What is the potential of Vehicle-to-Grid?
In 2030, there will be between 140 and 240 million electric cars on the roads. It is equal to at least 140 million mobile energy storages with a total capacity of around 7 TWh. For comparison, it roughly corresponds to the total production from all wind turbines in Denmark for half a year.
In other words, there is great potential for using electric cars as an active part of the electricity grid.
A study from ABI Research states that V2G can mean a power discount of 15% for you as the consumer and at the same time save the energy companies over ten billion kroner already before 2025.
Do we have Vehicle-to-Grid today?
However, the figures from ABI Research must be taken with a grain of salt.
In short, we do not have V2G today.
There have been a large number of trials, and many of them have several years of results to draw on. You can see a list of the projects here.
One of the projects takes place in Denmark. The smart energy company Nuvve has a commercial agreement with Frederiksberg Forsyning. Its fleet of 43 electric vans supplies frequency regulation to Energinet when their plugs are connected to charging equipment and thus the electricity grid.
What are the biggest challenges for Vehicle-to-Grid?
One of the biggest challenges for V2G is that the solutions in many places do not fall under existing legislation, regulations and control authorities. One area where this can lead to challenges is in relation to energy tariffs for V2G.
How are they to be settled, for example, if power flows from a car’s battery into the grid to ensure balance and supply?
That type of question is still unanswered in many places.
Similar challenges confront insurance and warranty schemes. Under current rules, V2G can cost the warranty on electric car batteries due to the extra charging and discharging. At the same time, there is limited basis for calculations of how an electric car, including batteries, must be insured and when it is a question of justified insurance or excessive use.
Here we come to the technical challenges. In addition to the fact that several charging cycles for V2G can lead to faster deterioration of the battery’s performance. V2G also requires two-way chargers, of which there are not many on the market today. In addition, V2G requires a different connection to the network than the one many homes and businesses have now.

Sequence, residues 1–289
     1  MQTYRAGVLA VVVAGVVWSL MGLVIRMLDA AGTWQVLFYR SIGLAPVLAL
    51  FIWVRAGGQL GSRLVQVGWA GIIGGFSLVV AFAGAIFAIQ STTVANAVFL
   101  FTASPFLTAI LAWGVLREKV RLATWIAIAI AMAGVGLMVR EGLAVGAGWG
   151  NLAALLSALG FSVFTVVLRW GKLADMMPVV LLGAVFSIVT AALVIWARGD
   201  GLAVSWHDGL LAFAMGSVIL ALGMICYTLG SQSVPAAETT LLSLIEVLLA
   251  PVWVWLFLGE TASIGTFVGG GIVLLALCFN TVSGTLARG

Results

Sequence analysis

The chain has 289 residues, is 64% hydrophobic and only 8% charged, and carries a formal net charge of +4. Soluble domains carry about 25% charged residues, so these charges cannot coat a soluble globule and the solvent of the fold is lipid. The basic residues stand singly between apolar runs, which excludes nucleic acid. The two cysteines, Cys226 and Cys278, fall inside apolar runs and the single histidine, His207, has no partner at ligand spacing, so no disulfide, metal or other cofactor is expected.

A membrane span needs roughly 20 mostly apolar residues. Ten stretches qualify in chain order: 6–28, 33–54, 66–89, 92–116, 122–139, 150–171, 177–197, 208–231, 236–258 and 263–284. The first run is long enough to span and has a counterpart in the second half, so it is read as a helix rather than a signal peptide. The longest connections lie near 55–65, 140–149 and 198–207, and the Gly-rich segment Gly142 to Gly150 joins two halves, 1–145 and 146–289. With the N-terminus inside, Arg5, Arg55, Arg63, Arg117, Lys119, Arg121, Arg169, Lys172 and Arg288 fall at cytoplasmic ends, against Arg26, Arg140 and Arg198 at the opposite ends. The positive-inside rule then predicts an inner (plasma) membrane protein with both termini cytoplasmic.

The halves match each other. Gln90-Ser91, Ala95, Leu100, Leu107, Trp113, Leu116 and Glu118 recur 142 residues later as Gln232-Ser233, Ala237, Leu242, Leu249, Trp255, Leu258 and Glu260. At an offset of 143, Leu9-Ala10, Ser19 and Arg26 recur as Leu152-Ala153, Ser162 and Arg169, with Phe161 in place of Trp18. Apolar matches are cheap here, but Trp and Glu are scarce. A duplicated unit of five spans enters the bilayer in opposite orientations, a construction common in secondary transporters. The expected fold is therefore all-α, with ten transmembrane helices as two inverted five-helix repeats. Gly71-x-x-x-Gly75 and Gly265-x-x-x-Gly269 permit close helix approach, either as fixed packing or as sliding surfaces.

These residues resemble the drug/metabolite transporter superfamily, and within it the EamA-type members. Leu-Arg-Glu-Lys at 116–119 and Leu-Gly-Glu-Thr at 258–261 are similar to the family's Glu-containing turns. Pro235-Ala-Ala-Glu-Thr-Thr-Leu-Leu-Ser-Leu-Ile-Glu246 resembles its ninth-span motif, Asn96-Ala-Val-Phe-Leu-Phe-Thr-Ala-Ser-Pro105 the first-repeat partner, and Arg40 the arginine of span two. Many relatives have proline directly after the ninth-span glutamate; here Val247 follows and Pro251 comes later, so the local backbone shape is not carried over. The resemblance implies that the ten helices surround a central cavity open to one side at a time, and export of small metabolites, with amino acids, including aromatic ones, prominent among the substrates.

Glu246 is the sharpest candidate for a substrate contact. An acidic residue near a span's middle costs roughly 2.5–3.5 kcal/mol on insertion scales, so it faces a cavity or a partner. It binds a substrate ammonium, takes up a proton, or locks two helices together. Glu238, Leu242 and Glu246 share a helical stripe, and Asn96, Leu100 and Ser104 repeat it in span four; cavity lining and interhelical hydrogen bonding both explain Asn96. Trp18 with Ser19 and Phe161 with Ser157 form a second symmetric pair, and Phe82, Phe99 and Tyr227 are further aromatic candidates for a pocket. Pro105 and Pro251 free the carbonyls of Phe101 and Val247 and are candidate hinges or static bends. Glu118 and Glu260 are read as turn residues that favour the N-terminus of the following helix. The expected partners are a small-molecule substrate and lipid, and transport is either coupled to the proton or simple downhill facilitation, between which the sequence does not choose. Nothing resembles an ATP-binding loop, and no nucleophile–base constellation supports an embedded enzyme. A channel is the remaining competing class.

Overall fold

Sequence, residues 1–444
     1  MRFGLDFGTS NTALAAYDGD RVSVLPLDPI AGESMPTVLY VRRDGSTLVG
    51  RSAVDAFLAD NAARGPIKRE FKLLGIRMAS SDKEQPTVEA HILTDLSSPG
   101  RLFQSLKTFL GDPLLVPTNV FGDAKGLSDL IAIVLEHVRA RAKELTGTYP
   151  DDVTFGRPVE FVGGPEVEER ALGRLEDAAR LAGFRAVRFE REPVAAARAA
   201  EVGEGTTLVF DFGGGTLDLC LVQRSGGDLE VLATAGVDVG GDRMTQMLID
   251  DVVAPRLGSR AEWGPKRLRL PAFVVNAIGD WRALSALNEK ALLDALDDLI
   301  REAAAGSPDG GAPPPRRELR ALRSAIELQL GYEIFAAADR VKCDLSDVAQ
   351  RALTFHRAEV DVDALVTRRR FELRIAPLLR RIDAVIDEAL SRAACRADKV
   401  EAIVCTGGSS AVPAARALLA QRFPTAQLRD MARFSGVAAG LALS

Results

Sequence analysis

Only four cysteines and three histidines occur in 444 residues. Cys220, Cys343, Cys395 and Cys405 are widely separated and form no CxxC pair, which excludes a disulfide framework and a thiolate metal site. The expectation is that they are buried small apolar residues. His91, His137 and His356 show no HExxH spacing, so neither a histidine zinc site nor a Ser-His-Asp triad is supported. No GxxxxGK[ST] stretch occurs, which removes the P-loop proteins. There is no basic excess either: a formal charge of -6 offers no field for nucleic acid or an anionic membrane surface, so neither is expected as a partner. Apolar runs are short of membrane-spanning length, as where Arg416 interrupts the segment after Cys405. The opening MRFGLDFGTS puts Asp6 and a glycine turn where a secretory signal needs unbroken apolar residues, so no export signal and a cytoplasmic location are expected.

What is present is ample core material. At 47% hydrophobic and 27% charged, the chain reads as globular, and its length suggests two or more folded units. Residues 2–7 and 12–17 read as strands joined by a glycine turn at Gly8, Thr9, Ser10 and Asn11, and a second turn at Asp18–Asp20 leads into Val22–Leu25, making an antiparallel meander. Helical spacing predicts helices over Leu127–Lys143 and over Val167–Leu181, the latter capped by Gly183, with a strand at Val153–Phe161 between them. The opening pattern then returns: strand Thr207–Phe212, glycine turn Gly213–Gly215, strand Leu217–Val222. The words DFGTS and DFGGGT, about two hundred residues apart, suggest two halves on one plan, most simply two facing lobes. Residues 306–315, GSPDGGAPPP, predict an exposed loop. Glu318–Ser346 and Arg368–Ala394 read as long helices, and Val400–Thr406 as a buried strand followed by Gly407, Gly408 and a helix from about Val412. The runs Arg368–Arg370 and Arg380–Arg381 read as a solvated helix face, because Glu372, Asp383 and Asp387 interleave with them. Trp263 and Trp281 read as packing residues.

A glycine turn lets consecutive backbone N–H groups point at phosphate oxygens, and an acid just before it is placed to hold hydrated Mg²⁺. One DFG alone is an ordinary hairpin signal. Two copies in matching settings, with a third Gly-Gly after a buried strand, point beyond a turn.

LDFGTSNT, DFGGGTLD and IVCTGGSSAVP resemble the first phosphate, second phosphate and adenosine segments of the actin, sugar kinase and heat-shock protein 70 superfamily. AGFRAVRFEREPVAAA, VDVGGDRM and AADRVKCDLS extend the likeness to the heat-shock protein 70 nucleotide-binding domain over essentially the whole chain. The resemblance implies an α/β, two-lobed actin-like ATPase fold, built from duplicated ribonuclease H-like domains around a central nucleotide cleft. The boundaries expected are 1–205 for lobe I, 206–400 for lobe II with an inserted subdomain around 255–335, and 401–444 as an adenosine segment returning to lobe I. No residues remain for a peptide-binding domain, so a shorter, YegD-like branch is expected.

Which electric cars are ready for Vehicle-to-Grid?
There is a long way between electric cars that can handle V2G. However, more and more brands are gradually getting ready. This applies, for example, to Volvo (the upcoming EX90) and VW.
Nissan and Mitsubishi are the brands that have gone ahead. Several models from both brands (including the Nissan Leaf) are V2G-ready.
Tesla owners will probably have to wait longer for V2G. Leading Tesla representatives have previously questioned the value of V2G.
How close are we to Vehicle-to-Grid?
With the above challenges in mind, it may come as a surprise that we expect to see V2G really take off within three to five years.
The reasons are, among other things, that as part of the green transition to renewable energy as the primary energy source. We have a great need to find new ways to ensure electricity production and balance in the grid. Otherwise, we run the risk that breakdowns will either occur and there will be a need for massive, expensive expansions of the electricity infrastructure.
As electric car owners, there is also an incentive to make the car available and earn money from it when it is not in use.
The counterarguments include that the technology and regulations still need to be up to speed.
But when we look at how quickly the capacity expansion of car batteries has gone, how electric cars in general have developed at rocket speed, and the strong focus on the green transition, we believe that there are grounds for optimism.
What about True Energy and Vehicle-to-Grid?
True Energy’s solutions for charging electric cars are designed for the electricity grid of the future. Put a little differently, our solutions are ready to support V2G as soon as it becomes a reality.
Read more about V2G